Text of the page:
Sacroiliitis and Sacroiliac Joint Pain

What is sacroiliitis, degenerative sacroiliitis, and can it cause or contribute to sacroiliac joint dysfunction?

Sacroiliitis is inflammation of one or both of your sacroiliac (SI) joints. Because of its connection to degenerative changes in the spine, your doctor may refer to your condition as degenerative sacroiliitis. Sacroiliitis can cause painful sacroiliac joint dysfunction.

What Is Sacroiliitis?

Sacroiliitis affects your SI joints, which connect your sacrum in your lower spine to your pelvis. It is characterized by painful inflammation throughout your low back and buttocks, and may travel down through your lower extremities.
Young woman holding her low back, in pain.Sacroiliitis is characterized by painful inflammation throughout your low back and buttocks. Photo Source: may be caused by certain types of spinal inflammatory arthritis, including ankylosing spondylitis and spondylosis (spinal osteoarthritis). Sometimes, the presence of sacroiliitis is an early sign of these degenerative conditions.

While degenerative changes can cause sacroiliitis, SI joint inflammation can also be caused by the following non-degenerative events:

  • Trauma: Injury that damages your SI joints can trigger inflammation.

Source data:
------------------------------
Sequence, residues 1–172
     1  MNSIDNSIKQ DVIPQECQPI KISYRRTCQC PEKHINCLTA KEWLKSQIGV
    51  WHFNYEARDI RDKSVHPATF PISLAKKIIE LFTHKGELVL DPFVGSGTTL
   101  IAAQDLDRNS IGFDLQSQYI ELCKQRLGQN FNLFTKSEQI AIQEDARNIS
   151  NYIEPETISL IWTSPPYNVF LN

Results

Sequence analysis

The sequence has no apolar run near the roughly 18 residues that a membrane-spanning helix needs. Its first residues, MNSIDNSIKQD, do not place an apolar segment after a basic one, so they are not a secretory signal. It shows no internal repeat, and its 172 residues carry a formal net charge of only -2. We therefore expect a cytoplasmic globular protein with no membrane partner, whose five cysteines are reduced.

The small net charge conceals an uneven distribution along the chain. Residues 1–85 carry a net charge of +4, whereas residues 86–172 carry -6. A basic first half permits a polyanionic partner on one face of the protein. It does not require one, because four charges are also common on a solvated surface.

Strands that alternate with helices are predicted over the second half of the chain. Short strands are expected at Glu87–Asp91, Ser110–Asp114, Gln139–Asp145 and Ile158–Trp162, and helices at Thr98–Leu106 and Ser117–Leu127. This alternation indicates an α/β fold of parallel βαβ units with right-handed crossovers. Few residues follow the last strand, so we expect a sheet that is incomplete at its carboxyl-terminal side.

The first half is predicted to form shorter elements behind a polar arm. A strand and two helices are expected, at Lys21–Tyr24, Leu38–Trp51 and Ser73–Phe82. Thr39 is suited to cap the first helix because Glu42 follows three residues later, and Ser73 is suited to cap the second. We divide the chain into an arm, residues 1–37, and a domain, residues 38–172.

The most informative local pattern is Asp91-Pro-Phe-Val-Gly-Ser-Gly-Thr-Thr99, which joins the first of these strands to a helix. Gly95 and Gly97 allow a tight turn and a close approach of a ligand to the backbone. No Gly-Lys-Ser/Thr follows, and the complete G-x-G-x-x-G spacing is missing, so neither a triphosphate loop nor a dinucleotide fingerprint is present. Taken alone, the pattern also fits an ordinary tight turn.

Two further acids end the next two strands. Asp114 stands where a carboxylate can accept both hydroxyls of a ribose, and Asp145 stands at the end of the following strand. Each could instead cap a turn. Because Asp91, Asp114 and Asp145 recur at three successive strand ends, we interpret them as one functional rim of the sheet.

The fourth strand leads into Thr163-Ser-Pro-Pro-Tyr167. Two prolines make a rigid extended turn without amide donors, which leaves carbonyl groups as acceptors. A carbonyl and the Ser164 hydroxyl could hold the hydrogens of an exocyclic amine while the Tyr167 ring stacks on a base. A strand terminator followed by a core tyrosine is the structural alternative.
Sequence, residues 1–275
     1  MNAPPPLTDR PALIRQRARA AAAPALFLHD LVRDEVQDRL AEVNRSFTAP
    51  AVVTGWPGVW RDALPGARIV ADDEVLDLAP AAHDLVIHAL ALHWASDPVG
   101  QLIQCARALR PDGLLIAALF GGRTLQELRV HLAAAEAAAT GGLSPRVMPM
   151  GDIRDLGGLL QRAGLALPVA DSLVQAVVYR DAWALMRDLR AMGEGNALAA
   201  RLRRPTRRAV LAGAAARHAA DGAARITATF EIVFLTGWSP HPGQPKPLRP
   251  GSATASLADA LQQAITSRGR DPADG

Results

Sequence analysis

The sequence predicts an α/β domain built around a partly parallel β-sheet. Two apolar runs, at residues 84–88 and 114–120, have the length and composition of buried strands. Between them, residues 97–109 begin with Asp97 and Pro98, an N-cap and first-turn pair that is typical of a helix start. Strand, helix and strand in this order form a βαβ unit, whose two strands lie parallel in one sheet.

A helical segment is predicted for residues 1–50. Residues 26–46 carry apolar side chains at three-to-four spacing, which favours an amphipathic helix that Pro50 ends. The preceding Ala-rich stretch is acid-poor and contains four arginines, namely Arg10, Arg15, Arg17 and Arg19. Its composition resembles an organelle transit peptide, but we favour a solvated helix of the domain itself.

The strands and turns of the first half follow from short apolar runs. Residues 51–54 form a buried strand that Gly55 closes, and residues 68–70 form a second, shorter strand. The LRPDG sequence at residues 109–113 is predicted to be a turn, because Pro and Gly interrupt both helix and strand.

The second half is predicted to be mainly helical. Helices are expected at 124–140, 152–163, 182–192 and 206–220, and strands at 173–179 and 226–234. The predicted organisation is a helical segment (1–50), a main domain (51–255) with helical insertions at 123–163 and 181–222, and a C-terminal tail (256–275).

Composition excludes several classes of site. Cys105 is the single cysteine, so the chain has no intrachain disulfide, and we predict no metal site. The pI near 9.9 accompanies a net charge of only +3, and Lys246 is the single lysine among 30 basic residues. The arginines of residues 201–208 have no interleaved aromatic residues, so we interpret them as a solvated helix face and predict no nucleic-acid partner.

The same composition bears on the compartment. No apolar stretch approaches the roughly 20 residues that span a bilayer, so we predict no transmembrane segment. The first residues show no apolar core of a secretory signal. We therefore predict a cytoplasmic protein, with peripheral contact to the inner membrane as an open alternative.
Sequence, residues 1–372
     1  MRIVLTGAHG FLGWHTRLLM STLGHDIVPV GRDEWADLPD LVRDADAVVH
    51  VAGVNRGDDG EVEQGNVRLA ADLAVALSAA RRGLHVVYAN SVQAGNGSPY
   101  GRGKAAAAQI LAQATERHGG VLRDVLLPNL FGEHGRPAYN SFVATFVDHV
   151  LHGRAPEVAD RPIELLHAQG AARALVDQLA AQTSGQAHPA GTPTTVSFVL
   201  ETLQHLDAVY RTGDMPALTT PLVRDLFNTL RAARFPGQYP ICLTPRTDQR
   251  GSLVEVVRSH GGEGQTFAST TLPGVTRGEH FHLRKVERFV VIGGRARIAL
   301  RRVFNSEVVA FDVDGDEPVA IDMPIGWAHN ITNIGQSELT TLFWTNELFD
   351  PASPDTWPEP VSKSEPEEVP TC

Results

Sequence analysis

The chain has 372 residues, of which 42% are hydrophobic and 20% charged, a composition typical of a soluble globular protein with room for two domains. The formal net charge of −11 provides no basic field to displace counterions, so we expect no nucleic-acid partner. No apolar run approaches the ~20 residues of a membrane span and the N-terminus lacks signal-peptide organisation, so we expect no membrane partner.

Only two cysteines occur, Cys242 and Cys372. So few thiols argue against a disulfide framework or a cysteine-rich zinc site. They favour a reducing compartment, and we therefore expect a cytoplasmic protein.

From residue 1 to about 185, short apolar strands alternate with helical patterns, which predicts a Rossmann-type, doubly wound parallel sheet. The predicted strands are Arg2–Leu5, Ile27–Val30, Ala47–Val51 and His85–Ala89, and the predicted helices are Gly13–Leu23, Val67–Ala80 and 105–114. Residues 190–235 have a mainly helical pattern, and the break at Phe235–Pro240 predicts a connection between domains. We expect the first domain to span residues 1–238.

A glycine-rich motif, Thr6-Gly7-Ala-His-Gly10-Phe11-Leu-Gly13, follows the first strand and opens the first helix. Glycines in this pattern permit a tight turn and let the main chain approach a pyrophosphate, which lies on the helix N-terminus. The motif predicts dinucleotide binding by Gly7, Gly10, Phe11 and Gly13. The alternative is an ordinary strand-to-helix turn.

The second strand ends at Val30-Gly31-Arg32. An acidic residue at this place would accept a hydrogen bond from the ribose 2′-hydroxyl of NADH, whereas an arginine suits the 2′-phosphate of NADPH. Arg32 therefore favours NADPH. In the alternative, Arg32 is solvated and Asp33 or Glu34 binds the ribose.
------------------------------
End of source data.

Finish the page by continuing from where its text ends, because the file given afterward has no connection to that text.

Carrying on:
• Pregnancy: The SI joints stretch to accommodate the growing baby, which may pressure and inflame the joints.
  • Infection: Infection in the SI joints can produce inflammation around the joints.

Sacroiliitis Symptoms

Sacroiliitis produces pain in your lower extremities—from your low back to your buttocks, and sometimes down through one or both legs. Many people with sacroiliitis also report stiffness in their lower spine and hips.

People with sacroiliitis often experience pain that worsens during certain activities, including:

  • Standing or sitting for long periods
  • Climbing stairs
  • Standing on one leg
  • Running
  • Rolling over in bed

Diagnosing Sacroiliitis

Because the symptoms of sacroiliitis are similar to other causes of low back pain, it can be challenging to diagnose.

To get to the bottom of your pain, your doctor starts with a review of your medical history and performs a physical and neurological exam. Doctors often detect SI joint dysfunction by having you lie on your back and moving your legs in different ways that places pressure on your SI joints. If you report pain during these sacroiliac joint maneuvers, it could be an indication that one or both SI joints are the source of your pain.

To help confirm that one or both of your SI joints is a pain generator, your doctor will administer a diagnostic sacroiliac joint injection. This type of injection delivers numbing medicine into the joint(s). If you experience relief after the injection, that’s a good sign the SI joint is a pain generator.

While physical exams and diagnostic injections may be enough to diagnose SI joint dysfunction, an imaging test may be needed to show if sacroiliitis is the true cause of the dysfunction. Damage caused by inflammation around the SI joints may show up in magnetic resonance imaging (MRI), computed tomography (CT), and plain x-ray scans to confirm the diagnosis.